By Noah Allison–
Louisville basketball is coming off a year in which it dominated its conference.
In the one year spent in the American Athletic Conference, U of L went 31-6, with three of those losses coming to a conference opponent. Louisville went 15-3 in the AAC, won games by 10, 20, 30 and even 40 points and obliterated the AAC tournament en route to winning it. U of L defeated the 2014 National Champions and AAC member Connecticut in all three meetings last year by scores of 76-64, 71-61 and even 81-48.
The AAC is glad to see Louisville go and the ACC is glad to welcome the Cardinals. Undoubtedly, competition in the Atlantic Coastal Conference is going to be a bit stiffer than last year.
There are five ACC teams ranked in the AP’s preseason top 25, four of which are in the top ten. Louisville is ranked eighth.
Of the five preseason All-Americans, three play in the ACC: North Carolina’s junior guard Marcus Paige, Dukes freshman center Jahlil Okafor and Louisville’s junior forward Montrezl Harrell.
With all this talent, all these great players and classic programs, Louisville has no room to ease into the ACC.
The transition is made easier with a combination of five returning impact players from last year’s team and an influx of young, tall freshmen talent.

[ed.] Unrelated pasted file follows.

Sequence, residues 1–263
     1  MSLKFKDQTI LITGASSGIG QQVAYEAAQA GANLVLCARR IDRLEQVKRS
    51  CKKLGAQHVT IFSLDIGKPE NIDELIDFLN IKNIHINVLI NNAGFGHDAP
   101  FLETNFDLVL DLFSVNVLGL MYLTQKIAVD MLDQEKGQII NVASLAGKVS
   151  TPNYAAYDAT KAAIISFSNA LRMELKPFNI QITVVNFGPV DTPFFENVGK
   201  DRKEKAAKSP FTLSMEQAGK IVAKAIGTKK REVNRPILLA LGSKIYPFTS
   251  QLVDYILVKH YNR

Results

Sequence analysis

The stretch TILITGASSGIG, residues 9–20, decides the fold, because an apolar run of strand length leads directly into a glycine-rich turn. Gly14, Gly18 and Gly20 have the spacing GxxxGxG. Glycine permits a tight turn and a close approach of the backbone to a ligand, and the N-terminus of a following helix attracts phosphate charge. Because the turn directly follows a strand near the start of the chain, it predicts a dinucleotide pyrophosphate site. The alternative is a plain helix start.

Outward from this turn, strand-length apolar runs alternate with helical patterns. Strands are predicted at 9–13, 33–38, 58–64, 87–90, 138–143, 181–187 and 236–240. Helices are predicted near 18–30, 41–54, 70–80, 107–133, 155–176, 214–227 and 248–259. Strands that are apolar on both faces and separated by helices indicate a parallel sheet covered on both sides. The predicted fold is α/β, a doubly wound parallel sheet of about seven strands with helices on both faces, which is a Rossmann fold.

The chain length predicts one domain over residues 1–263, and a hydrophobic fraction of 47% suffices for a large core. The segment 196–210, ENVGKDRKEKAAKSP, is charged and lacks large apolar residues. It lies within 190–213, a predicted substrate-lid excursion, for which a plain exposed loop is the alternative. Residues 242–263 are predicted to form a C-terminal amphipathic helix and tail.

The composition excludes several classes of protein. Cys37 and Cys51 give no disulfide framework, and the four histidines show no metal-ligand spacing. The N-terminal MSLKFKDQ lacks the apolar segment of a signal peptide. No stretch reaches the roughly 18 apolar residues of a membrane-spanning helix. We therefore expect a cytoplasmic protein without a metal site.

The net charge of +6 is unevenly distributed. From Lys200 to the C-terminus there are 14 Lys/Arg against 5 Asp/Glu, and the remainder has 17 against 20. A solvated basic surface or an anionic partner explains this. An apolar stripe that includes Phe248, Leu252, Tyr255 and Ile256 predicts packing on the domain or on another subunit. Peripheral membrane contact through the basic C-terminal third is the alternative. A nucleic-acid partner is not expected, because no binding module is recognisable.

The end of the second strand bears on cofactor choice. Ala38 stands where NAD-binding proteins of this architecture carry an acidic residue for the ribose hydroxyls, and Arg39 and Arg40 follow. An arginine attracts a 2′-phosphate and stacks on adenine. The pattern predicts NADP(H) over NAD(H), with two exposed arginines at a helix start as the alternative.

It starts with Louisville’s two captains, senior forward, 6-foot-5 Wayne Blackshear and junior forward, 6-foot-8 Montrezl Harrell. The two could not provide a more dynamic, yet Ying & Yang like balanced approach to their leadership roles.
Blackshear, was a top 30 nationally ranked high school McDonald’s All-American from Chicago and Harrell, an otherwise unheralded and less highly recruited forward from a small town in North Carolina.
Their careers though have been a stark contrast of their hype out of high school.
Blackshear has battled injuries and inconsistent play while his easy-going nature somewhat allowed his play to succumb to the attention players like Russ Smith and Luke Hancock demanded in the past. Last year, Blackshear averaged just less than 20 minutes, three rebounds and eight points a game.
Meanwhile, Harrell showed flashes of brilliance during his freshman year and last year as a sophomore captain earned the respect of his teammates and the nation with his dominant play.
Harrell set the school record with 98 dunks, led the team in rebounds with 311 and was second on the team in scoring with his 519 points and second on the team in blocks with 49. He played the most minutes out of anybody and averaged 29 minutes a game, 14 points and eight rebounds.
As a leader and player, the best thing for Blackshear’s game might be to be a senior captain. For the first time in his four-year career, the team is leaning on Blackshear’s play and he spent the offseason working relentlessly so the team can depend on him. He is athletic, can shoot from anywhere on the court and can dictate his own shot and rebound. For the first time, the offense will suit his skill set and his quiet, nice guy, lead by example attitude will be reflected by his teammates.
While the offense will suit Blackshear, it will go through Harrell. A beast on the boards and dominant in the paint, Harrell will touch the ball most possessions.